By Robinson Meyer
If the United States is going to have even a chance of meeting its climate-change goals under the Paris Agreement, there are few actions more pressing than taking coal plants offline. Coal-burning power plants emit more heat-trapping carbon dioxide into the atmosphere than any other part of the electricity sector.
It’s been widely reported that coal is inexorably on its way out—that cheap natural gas, made available by fracking, is eroding coal’s dominance in the U.S. grid. But the speed of that transition matters immensely to the planet, as the United States is currently not on track to slow its emissions fast enough to avert catastrophic climate change…
…Economic experts from both the right and the left have also opposed the plan. Josiah Neeley, the director of energy policy at the conservative R Street Institute, said he found Perry’s remarks at the hearing “a little strange.”
“Secretary Perry didn’t sound very much like Governor Perry that I remember back here in Texas, because Governor Perry, of course, was a big fan of free markets in electricity,” he told me.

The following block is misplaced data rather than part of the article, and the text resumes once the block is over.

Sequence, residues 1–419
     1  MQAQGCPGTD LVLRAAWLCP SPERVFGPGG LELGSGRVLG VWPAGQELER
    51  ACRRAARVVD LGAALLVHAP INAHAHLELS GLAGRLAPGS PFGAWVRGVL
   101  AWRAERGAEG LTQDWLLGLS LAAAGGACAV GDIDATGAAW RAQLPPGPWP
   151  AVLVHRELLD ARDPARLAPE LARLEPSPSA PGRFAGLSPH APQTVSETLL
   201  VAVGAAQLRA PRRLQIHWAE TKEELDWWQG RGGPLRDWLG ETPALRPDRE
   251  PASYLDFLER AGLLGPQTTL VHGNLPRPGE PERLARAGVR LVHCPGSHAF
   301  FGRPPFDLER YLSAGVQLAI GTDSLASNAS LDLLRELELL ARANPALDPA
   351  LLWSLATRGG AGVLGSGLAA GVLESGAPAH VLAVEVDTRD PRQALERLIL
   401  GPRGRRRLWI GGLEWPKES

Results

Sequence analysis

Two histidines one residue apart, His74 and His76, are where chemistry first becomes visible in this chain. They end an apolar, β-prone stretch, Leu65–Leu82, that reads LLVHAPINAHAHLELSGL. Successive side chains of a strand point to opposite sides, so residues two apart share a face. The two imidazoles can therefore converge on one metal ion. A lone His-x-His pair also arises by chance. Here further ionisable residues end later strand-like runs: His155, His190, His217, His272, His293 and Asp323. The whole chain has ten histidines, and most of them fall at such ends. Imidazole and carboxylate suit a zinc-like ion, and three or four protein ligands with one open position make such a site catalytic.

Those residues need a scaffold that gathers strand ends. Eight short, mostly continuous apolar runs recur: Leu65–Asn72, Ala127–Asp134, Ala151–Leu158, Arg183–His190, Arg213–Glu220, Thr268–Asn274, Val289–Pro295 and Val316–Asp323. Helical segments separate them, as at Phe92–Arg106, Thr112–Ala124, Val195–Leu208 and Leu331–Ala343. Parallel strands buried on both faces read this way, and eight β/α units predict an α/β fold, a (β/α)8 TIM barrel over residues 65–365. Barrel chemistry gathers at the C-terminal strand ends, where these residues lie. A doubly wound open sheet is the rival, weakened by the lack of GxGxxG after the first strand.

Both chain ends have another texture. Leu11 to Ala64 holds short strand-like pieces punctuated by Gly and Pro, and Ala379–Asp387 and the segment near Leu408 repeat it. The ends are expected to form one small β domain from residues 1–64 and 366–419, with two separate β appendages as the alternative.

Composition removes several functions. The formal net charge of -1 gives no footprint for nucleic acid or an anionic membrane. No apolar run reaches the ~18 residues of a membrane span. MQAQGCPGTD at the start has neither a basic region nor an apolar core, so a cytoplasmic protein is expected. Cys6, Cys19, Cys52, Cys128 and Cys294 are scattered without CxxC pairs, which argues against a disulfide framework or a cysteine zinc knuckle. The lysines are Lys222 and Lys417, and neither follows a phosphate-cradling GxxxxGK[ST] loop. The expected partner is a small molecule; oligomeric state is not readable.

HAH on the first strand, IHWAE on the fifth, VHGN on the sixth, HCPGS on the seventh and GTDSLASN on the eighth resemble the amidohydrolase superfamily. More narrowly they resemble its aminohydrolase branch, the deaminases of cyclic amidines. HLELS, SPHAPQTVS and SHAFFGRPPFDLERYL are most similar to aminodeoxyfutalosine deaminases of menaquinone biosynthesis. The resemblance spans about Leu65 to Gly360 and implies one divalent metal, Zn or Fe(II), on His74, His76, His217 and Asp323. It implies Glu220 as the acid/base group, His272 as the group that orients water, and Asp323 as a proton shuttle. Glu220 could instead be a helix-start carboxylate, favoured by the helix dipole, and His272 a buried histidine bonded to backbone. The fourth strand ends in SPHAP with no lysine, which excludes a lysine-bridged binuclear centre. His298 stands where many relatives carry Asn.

The R Street Institute has been “very critical” of the proposal, he said, which he said was also “pretty vague.”
“There’s certainly not a reliability crisis. And even if there was, the proposed rule doesn’t address any of the issues with reliability that are out there,” he said. “To the extent that there is an issue here with reliability, the principled way to deal with it is to create some sort of market product … and not have the Department of Energy pick winners and losers.”
Those thoughts were echoed by Michael Greenstone, a professor of economics at the University of Chicago and a former chief economist to the White House Council of Advisers under President Barack Obama.
“The first question you always want to ask yourself is, is there some imperfection in the market that needs solving?” he said.
The biggest market failure in energy markets is climate change, he told me: Power plants can emit carbon dioxide for free, even though it’s a greenhouse gas that worsens climate change and imposes high indirect costs on people today. Therefore, it should be more expensive to release greenhouse gases into the atmosphere, he said, not cheaper. “Doing nothing is already not merited by economics,” he said. “This is like doubling down.”
Greenstone agreed with Neeley that insofar as there is a potential failure to plan for grid reliability, it should be solved with market mechanisms. He didn’t think it constituted a crisis either, though…
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